Catholic president of Burundi calls for LGBTQ+ people to be stoned

A church in Burundi, Africa

Religious dogma is fueling hateful, violence-inciting statements by leaders of several African nations that are jeopardizing the rights and well-being of LGBTQ-plus Africans.

Burundi President Évariste Ndayishimiye recently and brutally called on his citizens to stone gay people, claiming that homosexuality is imported from the West. In Burundi, consensual same-sex intimacy between adults is already eligible for up to two years in prison. Homosexuality has been criminalized in Burundi since 2009, and more than 30 African countries have criminalized same-sex relations.

Late last year, during an event with journalists and members of the public in East Burundi, Ndayishimiye shockingly said, “I think that if we find these kinds of people in Burundi, it is better to take them to a stadium and stone them… That’s what they deserve.”

It’s no mystery where a religious leader such as Ndayishimiye, who is Catholic, is getting his justification for such vicious violence-inciting statements. Leviticus 20:30 horrifically mandates: “And if a man lie with mankind, as with womankind, both of them have committed abomination: they shall surely be put to death; their blood shall be upon them.”

Ndayishimiye emphasizes the role of god in his politics. Pope Francis even met with Ndayishimiye in March 2022, exchanging gifts with the president and discussing the social and political climate in Burundi.

Burundi is one of the world’s poorest countries and routinely receives aid from entities such as the European Union, the United States, and the International Monetary Fund. Yet, during Friday’s event, Ndayishimiye disparaged Western aid that, he insinuated, was conditioned on Burundi’s acceptance of gay rights, telling his audience, “Let them keep their help, let them keep it.”

Ndayishimiye’s remarks are part of a growing pattern.

One of the most aggressive offenders, Uganda’s president, Yoweri Museveni, signed into law the Anti-Homosexuality Bill, which imposes a life sentence for those participating in same-sex relations and the death penalty for specific cases. The death penalty would be applied to those convicted of “aggravated homosexuality,” concerning those who have participated in homosexual acts and are infected with H.I.V. or other cases that are already crimes under Uganda’s law, such as  cases involving children or disabled people. The law is currently being challenged in Uganda’s Constitutional Court.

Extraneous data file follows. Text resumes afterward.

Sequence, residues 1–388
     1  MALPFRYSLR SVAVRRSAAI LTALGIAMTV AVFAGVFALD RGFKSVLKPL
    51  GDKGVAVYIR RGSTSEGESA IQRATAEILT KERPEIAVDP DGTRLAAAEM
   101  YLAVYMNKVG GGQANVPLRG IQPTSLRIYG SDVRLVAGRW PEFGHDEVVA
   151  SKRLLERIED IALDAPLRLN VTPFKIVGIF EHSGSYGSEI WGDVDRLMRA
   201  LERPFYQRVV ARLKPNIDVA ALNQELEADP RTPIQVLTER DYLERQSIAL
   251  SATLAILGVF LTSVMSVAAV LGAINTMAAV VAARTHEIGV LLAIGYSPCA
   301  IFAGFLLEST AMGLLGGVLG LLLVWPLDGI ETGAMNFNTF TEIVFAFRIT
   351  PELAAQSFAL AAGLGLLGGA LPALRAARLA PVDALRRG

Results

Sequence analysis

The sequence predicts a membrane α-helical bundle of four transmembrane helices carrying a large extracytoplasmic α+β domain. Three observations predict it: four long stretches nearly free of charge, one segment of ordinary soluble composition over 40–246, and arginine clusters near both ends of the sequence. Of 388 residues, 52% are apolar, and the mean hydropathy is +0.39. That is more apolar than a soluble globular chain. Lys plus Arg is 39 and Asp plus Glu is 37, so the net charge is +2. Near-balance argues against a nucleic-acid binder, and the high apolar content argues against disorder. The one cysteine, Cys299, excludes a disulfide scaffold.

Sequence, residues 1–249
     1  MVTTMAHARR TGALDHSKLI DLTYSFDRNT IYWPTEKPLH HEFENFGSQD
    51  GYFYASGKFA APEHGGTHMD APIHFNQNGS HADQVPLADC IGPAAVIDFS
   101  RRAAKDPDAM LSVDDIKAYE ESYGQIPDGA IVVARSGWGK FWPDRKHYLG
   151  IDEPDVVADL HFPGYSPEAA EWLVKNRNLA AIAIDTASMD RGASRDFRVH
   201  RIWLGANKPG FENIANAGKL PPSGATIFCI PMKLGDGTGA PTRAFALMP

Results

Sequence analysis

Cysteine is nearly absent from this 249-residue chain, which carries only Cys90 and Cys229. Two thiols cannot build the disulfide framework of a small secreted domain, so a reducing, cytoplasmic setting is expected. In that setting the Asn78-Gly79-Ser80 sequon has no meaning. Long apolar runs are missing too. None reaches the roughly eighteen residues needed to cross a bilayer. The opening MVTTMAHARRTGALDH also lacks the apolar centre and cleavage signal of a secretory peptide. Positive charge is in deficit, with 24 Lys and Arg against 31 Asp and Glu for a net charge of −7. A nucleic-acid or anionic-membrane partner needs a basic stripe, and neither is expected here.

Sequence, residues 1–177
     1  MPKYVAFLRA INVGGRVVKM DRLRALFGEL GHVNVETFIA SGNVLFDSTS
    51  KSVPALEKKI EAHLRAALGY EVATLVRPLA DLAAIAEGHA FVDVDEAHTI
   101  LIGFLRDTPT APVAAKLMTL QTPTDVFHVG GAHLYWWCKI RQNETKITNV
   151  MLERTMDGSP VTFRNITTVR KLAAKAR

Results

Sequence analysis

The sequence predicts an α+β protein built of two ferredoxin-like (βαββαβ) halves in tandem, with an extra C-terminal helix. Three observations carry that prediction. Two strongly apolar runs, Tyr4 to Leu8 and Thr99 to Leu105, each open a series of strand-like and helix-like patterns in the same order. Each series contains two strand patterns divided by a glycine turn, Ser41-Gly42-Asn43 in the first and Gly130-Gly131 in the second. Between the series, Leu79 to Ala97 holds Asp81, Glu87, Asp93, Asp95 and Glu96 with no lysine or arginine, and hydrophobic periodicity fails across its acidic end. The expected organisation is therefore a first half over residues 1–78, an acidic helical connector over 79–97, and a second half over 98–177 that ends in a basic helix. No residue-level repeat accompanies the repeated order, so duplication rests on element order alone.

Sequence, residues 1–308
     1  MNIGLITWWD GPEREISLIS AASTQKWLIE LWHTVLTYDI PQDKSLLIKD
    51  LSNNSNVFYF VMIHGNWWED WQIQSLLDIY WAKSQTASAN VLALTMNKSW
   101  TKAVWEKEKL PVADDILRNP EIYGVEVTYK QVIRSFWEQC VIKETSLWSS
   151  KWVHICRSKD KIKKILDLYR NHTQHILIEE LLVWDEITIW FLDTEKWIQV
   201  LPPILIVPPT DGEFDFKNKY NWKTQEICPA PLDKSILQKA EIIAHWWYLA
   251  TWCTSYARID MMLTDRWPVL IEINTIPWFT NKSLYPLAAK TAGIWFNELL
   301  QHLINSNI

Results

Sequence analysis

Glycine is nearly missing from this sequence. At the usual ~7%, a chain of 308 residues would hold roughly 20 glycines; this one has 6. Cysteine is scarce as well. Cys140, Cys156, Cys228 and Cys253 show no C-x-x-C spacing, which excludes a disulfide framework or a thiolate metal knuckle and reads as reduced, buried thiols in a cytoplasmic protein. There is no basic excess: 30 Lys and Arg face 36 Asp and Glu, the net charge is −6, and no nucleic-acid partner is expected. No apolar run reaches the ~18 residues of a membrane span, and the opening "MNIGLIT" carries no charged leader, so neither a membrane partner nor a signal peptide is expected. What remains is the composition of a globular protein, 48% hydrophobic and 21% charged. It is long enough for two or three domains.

In Uganda, a predominantly Christian country, religious leaders have led the attack against the LGBTQ-plus community, claiming homosexuality is a Western import and urging legislators to take penalizing action against gay people. Museveni, an Anglican Christian, even holds an annual National Prayer Breakfast modeled after the U.S. breakfast on the anniversary of Uganda’s 1995 Constitution.

In Kenya, the president and lawmakers have recently criticized Kenya’s Supreme Court for allowing the registration of an LGBTQ+ association. One lawmaker went as far as to introduce legislation that would give members of the public the power to arrest anyone even suspected of being queer.

Kenyan President William Ruto is the country’s first evangelical Christian leader. Ruto overwhelmingly appealed to Christians in Kenya during his presidential campaign, which undoubtedly played a part in his electoral victory. Ruto has incessantly spoken out against LGBTQ-plus rights, saying in 2015 that, “Kenya is a republic that worships God. There is no room for homosexuality in Kenya.”

Further, Tanzania’s authorities recently claimed they would prosecute anyone sharing LGBTQ-plus content online, police in Zambia arrested activists accused of promoting homosexuality, and a bill was introduced in Ghana to criminalize identifying as LGBTQ-plus and shutting down attempts to protect sexual and gender minority rights. Tanzania swore in its first Muslim president in 2021, and both Zambia and Ghana have devout Christian presidents.

While many of these leaders claim homosexuality and tolerance of homosexuality are a Western import, LGBTQ-plus criminalization laws in African countries are actually based on British colonial law. Researchers have found that former British colonies are significantly more likely to criminalize same-sex relations than former colonies of other Western powers.

Further evidence is the acceptance of homosexuality in various pre-colonial African cultures. These anti-LGBTQ-plus+ laws are now operating as vestiges of white European colonialism, which of course included widespread missionizing and the imposition of the Christian religion upon many Africans. It is unconscionable that tax-exempt U.S. ministries continue this missionizing and are considered largely responsible for inciting anti-queer legislation and hate.

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